Team website: www.nusd2013.org
Norwich University's mission at the U.S. Department of Energy Solar Decathlon 2013 was to show that high-performance, solar-powered dwellings can be affordable and beautiful. The Delta T-90 House accommodates New England's unique seasons and is designed to be affordable for those earning 20% less than the Vermont median income.
The house explores the hidden values and richness within a conservation-based lifestyle and respects the interdependency between the economy and the built environment. The Delta T-90 House is guided by the beliefs that high-performance, solar-powered dwellings should be available to all and that good design is not a function of cost. By maximizing the building envelope first and then using simplified mechanical systems as a supplement, the design prioritizes passive functionality and reduces primary energy demand to minimize lifetime operational costs.
- The locally harvested northern white cedar rain screen draws from the traditional wood siding found in barns and utility buildings across New England.
- A flat roof with a fully integrated photovoltaic array introduces modern elegance and accommodates the region's average of 120 days of annual snow.
- Thick, 16-inch walls with deep-set windows minimize heat loss and reinforce a spirit of protection and strength.
- Ample daylighting and high ceilings, rarely found in affordable housing options, create a grand and spacious ambiance.
- No floor area is dedicated to mechanical systems, making every square foot of floor area (excluding storage and laundry areas) usable by occupants.
- The building-integrated photovoltaic system, with panels that adhere to the flat roof, eliminates the weight and costs associated with racking and mounting hardware. These panels work in low levels of sunlight to provide power to the house even in less-than-optimal solar conditions.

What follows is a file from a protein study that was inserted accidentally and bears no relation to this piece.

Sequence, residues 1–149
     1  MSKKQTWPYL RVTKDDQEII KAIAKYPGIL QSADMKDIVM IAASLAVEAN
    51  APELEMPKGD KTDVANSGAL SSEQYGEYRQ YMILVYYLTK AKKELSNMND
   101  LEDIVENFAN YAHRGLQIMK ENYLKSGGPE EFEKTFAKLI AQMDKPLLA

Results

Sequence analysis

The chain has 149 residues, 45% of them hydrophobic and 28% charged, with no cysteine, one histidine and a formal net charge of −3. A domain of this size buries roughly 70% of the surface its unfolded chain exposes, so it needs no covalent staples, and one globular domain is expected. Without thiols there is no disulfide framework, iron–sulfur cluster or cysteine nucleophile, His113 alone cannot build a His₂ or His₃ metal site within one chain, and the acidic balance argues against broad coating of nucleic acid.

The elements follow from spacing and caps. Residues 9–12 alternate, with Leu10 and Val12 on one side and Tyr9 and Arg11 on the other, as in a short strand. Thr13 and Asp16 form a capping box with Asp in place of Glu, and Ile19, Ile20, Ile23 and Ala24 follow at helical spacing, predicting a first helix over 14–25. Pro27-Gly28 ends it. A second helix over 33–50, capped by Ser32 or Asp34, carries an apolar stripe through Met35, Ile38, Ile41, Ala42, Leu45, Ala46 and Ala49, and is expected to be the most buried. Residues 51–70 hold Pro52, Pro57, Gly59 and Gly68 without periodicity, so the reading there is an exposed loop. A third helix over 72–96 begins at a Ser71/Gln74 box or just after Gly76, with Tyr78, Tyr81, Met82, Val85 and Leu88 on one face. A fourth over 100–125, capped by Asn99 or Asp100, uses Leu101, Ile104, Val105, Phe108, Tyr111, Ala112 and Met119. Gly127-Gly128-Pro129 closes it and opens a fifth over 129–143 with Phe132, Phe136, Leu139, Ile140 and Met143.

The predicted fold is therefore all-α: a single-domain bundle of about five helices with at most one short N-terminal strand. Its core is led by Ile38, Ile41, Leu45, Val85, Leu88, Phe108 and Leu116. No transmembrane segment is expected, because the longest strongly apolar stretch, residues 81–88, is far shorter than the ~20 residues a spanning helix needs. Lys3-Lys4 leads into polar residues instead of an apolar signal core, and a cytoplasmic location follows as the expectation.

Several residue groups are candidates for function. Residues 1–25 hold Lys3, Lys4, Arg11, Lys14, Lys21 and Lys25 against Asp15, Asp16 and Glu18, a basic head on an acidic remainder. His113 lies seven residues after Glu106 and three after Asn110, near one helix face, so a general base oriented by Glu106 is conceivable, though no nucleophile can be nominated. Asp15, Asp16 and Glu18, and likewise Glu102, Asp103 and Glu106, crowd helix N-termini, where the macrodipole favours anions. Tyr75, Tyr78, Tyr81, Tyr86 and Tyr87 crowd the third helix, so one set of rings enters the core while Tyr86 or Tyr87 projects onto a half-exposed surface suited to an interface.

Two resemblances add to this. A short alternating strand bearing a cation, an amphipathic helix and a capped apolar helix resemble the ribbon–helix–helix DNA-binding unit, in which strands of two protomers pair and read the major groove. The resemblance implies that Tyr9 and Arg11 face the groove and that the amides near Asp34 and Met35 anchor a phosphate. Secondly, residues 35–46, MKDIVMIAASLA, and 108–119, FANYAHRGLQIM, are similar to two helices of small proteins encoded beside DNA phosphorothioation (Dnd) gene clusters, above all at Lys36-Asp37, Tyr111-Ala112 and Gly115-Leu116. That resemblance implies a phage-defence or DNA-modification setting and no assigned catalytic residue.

- A mini-split heat pump HVAC system with a single supply diffuser provides widely available, compact, and easily serviceable heating and cooling without the need for duct work or overt mechanical elements.
- The heat-recovery ventilation system provides continuous ventilation to the interior while reducing humidity levels and keeping the building envelope dry. The system is 92% efficient, ductless, and whisper-quiet.
The Delta T-90 House is attuned not only to the climactic demands of the Northeast but also to the financial demands of the population that lives there. The house is a cost-effective alternative to housing built before 1950, which often had inefficient systems and inadequate insulation. It is designed for a family of three that makes near or below the median income and is intended to be produced in high quantities. It maximizes comfort, efficiency, and spaciousness through two bedrooms, an office space, and an open living space for lounging, cooking, and gathering—offering a model for affordable and sustainable living.
Following Solar Decathlon 2013, the Delta T-90 House will venture to Frank Lloyd Wright's Westcott House in Springfield, Ohio, to take new life as an experiential design lab. Integrated into the Westcott House Foundation's regular tour program, the house will also serve as a catalyst for design education activities to foster dialogue about sustainable practices and environmental stewardship.